…and the internet becomes an angry infinity mirror.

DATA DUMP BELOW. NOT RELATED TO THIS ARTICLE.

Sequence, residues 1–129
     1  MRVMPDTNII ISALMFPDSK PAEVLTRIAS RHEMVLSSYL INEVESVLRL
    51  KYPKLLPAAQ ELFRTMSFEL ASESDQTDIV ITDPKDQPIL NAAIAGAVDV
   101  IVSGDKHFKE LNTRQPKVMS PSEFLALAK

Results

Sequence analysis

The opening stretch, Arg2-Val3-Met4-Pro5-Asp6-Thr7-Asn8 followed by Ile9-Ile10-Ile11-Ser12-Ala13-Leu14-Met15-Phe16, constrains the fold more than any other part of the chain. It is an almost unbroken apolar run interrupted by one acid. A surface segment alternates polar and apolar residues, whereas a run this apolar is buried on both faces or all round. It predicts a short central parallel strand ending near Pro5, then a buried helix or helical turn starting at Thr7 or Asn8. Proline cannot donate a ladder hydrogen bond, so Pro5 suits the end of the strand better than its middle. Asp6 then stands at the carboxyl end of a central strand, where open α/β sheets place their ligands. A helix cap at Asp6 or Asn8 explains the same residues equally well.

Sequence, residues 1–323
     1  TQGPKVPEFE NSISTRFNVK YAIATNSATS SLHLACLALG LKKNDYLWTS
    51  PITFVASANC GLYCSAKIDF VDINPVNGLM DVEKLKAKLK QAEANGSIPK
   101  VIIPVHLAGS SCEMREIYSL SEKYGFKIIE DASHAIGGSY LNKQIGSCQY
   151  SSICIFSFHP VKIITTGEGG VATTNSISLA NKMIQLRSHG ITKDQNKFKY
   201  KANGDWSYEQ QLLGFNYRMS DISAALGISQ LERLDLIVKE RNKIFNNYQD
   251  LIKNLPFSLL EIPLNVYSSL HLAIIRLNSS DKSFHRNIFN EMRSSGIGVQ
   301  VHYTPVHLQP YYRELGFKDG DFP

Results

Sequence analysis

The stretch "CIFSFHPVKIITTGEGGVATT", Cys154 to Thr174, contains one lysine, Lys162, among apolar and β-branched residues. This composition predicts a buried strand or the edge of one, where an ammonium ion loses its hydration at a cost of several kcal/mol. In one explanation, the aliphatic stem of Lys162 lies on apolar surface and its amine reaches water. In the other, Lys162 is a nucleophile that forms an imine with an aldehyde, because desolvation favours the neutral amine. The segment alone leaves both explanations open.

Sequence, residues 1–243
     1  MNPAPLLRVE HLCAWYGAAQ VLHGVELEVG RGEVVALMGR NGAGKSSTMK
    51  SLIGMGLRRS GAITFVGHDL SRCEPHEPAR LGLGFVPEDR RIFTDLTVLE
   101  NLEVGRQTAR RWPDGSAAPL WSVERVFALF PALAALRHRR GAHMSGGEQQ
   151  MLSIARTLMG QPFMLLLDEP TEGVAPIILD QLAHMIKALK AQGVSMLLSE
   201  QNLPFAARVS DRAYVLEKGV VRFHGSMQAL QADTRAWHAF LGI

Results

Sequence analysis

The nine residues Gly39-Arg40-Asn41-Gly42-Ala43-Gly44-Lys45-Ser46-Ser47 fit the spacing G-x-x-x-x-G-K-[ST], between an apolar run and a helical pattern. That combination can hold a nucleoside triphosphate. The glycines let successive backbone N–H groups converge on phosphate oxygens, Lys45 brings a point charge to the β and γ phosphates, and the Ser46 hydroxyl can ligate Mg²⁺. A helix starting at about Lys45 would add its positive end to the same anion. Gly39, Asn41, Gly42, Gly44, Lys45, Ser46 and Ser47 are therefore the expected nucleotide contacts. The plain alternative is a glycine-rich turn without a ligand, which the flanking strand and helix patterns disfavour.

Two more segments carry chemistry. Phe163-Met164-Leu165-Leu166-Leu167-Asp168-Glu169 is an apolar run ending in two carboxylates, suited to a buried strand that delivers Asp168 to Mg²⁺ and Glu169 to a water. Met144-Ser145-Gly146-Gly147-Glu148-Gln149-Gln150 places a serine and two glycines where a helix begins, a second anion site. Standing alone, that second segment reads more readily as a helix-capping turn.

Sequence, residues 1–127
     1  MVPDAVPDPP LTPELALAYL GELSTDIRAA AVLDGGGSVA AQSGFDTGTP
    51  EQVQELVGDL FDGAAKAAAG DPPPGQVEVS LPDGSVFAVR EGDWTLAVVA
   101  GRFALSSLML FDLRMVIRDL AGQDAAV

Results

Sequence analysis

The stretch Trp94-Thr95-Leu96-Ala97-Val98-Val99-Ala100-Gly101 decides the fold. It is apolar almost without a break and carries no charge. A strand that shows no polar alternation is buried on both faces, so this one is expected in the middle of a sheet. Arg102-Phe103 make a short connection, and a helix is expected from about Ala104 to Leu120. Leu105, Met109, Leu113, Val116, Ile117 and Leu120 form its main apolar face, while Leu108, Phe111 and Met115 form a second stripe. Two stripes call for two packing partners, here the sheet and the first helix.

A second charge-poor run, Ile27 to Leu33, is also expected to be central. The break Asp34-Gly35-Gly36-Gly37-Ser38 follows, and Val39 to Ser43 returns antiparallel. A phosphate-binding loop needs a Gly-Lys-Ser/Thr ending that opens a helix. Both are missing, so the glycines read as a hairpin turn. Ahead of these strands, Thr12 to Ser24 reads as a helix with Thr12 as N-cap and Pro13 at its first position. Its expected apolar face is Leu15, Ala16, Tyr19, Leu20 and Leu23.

So, what’s interesting about that? It’s the role that accusations of hypocrisy can play in facilitating, …well, hypocrisy. Think of it this way: You see somebody do something outrageous (and by outrageous, I mean something likely to rouse disapproval in the public sphere), and you want to criticize them for it. The problem is, you’ve done something like that yourself in the past, or at least you’ve supported other people who did. This creates a problem in that your own condemnation is likely to come across as an inconsistency. One potential solution to that is to conjure the image of critics who have condemned this behavior before and castigate them for supporting the behavior now. That way, you don’t have to actually put your own cards on the table. You don’t have to actually say that you are now condemning the behavior your once supported. Instead, you just say; “look at the guy who is now supporting behavior he once condemned!”  If you do this right, you can effectively play both sides of the game without anyone noticing. All they see is that you are commenting on someone else who is playing both sides of the field. It’s an exercise in projection of course, and a remarkably effective one at that.  It’s what I like to call the meta-hypocrisy shuffle.